When I was traveling a lot for the Yankee army of occupation I read a lot of what I call ‘airplane trash”, mostly bad science fiction (which is usually too short on the former and too long on the latter.) As the quality of SF deteriorated I added selected mystery novels, notably those by English and ethnic authors. About half of my reading still falls into these genres.

Since retirement my attention span has been freed up from worrying about the bureaucracy of preserving the nation so I have added a great deal of non-fiction to my reading, mostly history and analysis. Also a wider range of periodicals. More “news” magazines. 

But nothing of the sort of thing described in the podcast. No popular literature. No self-help polemics. Poorly written, worse cited, and reeking of untrustworthiness. So far from the general trend of the diminishing population of readers.

Which brings me to a discussion on the FaceScroll yesterday by one of my colleagues Magnetic Inductance Force. The question, a very good one, was why do the bogs not want to know about science? The general thesis was that they are unable to handle the transiency, the aspect of continual change in the search of understanding. Never mind that denying the change is discarding any hope of understanding; that seems irrelevant to the bogs. Rather it seems they are unable to handle anything more than facts, even when those facts are imaginary, illusory, or transitory.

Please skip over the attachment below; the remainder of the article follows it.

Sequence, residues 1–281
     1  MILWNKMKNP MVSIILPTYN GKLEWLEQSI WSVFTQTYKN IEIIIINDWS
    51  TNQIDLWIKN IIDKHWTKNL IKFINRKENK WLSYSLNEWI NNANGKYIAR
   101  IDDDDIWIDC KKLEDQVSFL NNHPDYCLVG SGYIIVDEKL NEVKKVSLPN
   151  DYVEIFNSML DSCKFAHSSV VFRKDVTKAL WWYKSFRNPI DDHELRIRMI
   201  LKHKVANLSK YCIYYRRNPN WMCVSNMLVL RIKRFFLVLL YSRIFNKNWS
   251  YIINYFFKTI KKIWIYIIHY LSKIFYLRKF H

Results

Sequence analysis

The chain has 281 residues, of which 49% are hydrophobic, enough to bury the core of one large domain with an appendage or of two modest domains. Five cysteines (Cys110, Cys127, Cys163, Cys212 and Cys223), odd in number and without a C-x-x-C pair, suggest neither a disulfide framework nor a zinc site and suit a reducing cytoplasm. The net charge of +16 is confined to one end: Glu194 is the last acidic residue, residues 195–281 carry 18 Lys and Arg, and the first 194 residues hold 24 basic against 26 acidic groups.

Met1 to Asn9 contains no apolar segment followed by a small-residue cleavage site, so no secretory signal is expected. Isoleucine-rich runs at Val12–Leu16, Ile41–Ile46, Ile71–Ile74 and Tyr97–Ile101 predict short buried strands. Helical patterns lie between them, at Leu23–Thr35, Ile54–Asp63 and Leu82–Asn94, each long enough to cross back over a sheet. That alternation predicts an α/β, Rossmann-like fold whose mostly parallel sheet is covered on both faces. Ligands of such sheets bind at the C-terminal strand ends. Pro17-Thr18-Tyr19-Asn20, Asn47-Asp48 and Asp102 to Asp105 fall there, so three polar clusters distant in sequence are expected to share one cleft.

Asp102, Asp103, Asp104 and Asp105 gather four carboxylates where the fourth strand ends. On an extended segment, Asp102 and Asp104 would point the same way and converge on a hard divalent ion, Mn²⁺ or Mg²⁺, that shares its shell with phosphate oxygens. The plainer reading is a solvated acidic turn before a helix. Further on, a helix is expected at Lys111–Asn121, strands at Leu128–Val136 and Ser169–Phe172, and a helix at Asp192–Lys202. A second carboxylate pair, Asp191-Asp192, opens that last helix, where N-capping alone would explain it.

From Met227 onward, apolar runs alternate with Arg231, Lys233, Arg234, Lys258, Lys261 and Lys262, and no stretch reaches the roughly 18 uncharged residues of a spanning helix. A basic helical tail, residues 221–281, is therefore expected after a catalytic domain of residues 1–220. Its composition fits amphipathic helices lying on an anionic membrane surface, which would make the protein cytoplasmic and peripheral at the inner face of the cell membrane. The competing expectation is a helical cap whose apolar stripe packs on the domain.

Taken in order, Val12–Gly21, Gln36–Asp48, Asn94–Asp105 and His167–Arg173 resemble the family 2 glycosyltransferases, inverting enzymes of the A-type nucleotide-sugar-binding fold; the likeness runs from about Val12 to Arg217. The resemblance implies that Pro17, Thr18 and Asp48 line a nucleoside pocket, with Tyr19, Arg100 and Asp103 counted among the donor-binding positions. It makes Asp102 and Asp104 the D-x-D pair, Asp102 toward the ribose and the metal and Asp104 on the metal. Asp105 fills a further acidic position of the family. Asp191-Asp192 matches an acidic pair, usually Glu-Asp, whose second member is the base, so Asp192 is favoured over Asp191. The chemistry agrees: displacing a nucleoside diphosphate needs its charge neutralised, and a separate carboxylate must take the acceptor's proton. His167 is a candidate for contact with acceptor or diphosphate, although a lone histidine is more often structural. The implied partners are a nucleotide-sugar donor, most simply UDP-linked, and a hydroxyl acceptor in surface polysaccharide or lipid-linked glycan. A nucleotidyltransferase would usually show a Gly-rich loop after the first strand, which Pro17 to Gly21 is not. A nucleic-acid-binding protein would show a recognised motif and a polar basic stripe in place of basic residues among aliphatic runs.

In a sense, this is the very essence of being biologic. All animals “pin” themselves in the now. We root ourselves in the moment. But we humans are supposed to have the capacity to recall the past and imagine the future. Doesn’t that require an embodiment of change? Is there something about the majority of humans, perhaps an increasing fraction, that cannot do so? Are we evolving away from intelligence? In the now there seems a reasonable case supporting that conjecture.

I hope that this is an artifact of contemporaneity, that we are not really becoming asentient and aintelligent. But if so, I am glad I am senior and won’t see it destroy us.

Sorta Back

The indisposition seems to be abating a bit. At least to the point where the low level ache compromises most rationality. And since this is rather a plague of seniorness, it gave me occasion to consider the nature of the contemporary the-best-things-in-life-can’t-be-bought.